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Business Continuity

Business Continuity

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Business Continuity

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  1. Business Continuity Mark Holloway Former Head of Change Management at Co-operative Food

  2. Business Continuity It is about identifying those parts of your business that you can’t afford to lose. Such as: Information Staff Premises And requires a business continuity plan of how you can maintain these if an incident occurs What is Business Continuity Management

  3. Do we need a BCP? Business Continuity 1, 000s of businesses did after 9/11

  4. Business Continuity Half of all businesses experiencing a disaster with no effective plans for recovery FAIL within the following 12 months

  5. Business Continuity Any incident, large or small, whether it is natural, accidental or deliberate, can cause major disruption to your Masonic hall. But if you plan now, rather than waiting for it to happen, you will be able to get back to business in the quickest possible time. Delays could mean you lose valuable business to your competitors, or that your customers lose confidence in you.

  6. Business Continuity

  7. Business Continuity Where to start? 1) Where is your business most vulnerable? 2) What would be worst incident for your business? For both questions, think about your: • Management and staff • Customers • Suppliers • IT systems and processes • Partnerships • Buildings • Timescales

  8. Business Continuity

  9. Business Continuity Step 2 - Assess the Risks What are the most likely and greatest risks to your business? Analyse the risk by asking yourself the following two questions: • How likely is it to happen? • What effect will it have on the business?

  10. Business Continuity What is the worst that could happen? What would be the worst thing for your business and how likely is it to happen? How would you cope with it? Is there anything you can do to minimise the risk of it happening?

  11. Business Continuity What might happen? There is a fire and you are not able to use your hall for weeks You are burgled and damage to your hall has taken place There is a power failure that last for days Your hall chairman is run over by a bus ……….. Etc.

  12. Business Continuity

  13. Business Continuity Step 3. Develop your strategy What to put in the plan? Having analysed your business and assessed the risks involved, you should now know which areas to focus your plan on, be it an agreement with another hall to share catering staff or having a caterer on 24 hour stand by. You will also know which type of potential incident would hit your business worst and how to minimise the damage that it could cause.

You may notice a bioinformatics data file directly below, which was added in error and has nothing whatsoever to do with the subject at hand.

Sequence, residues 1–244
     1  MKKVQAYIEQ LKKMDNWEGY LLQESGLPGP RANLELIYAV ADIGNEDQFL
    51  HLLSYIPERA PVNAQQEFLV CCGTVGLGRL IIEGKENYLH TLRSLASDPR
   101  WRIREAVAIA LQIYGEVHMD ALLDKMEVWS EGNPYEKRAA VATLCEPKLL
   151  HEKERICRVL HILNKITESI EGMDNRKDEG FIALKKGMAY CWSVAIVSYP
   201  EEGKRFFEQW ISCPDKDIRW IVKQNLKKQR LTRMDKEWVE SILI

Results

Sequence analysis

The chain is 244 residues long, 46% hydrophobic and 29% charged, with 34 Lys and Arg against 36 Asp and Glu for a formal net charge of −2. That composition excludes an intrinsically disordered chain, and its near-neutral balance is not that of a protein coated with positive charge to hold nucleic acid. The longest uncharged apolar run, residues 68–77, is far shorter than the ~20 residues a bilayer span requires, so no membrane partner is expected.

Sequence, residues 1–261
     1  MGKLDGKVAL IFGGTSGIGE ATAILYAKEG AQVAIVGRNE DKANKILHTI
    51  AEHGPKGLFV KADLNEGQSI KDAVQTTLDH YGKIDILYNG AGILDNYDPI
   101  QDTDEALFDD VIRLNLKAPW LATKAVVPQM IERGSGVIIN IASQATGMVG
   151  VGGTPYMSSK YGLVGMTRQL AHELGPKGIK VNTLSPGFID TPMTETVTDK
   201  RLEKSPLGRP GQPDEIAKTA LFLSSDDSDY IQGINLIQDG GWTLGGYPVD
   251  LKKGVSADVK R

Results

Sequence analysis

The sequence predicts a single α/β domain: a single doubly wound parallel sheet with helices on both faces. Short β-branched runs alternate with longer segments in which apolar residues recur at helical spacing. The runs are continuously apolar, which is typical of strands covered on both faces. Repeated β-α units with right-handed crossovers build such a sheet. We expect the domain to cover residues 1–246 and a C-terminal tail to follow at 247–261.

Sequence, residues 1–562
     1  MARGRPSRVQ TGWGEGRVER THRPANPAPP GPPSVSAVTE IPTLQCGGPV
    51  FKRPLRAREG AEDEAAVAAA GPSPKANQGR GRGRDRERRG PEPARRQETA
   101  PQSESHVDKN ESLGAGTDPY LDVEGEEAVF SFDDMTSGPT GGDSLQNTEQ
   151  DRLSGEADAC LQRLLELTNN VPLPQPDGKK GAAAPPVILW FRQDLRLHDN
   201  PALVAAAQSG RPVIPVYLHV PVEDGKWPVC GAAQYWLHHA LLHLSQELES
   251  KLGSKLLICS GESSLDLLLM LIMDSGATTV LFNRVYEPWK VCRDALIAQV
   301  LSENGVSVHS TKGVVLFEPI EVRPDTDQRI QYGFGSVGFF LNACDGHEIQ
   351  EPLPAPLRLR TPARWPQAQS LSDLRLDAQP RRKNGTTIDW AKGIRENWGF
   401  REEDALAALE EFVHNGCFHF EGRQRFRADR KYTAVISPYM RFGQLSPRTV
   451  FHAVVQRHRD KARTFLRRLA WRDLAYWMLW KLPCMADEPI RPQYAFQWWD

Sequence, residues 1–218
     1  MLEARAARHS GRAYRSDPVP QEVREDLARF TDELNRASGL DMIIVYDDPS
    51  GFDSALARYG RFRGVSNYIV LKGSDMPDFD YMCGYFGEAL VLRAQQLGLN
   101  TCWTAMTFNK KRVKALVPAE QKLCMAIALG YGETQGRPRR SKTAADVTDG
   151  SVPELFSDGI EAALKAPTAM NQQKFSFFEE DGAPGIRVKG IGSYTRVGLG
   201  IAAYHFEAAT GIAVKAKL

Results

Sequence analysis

14. Business Continuity You should now know whether you need to be fully operational to survive, or whether it will be enough to operate at 50%. Do you know your break-even point? If not, it is very important to work it out. It might be better for you and your colleagues to close the business down for a period of time and re-open fully when the incident has passed. Or would it be better to run the business through the incident so you don’t lose your staff? Are you committed to reducing risks or do you prefer to take risks and have a comeback plan later?

  15. Business Continuity

  16. Business Continuity When you have established what is important to the survival of your business and what the risks are. You are ready to write the plan. Be sure to use non-technical language, making it accessible and easy to understand by all.

  17. Business Continuity The number of plans and the content of these will vary from hall to hall and should reflect the structure and culture of the hall and the complexity of its critical activities. Based on these factors, you may choose to have separate incident management, business continuity and business recovery plans; or separate plans covering a particular part of your business. For a small hall a single plan which incorporates all the above elements may be sufficient. The key point to remember is that in totality the plans and supplementing material should provide all the information your hall needs to ensure that it can manage the immediate incident and continue and recover the critical activities identified in your risk assessment. It is also important to ensure that your plans are easily accessible and copies should be kept on and off site.

  18. Business Continuity Whatever type of plan you are writing, it is important to clearly state its purpose and scope. Any relationship to other relevant plans or documents should be clearly referenced and the method of obtaining and accessing these described. You should document who owns the plan and who is responsible for reviewing, amending and updating it at regular intervals. A system of version control should also be adopted. The plan should list all individuals with a role in its implementation and explain what that role is.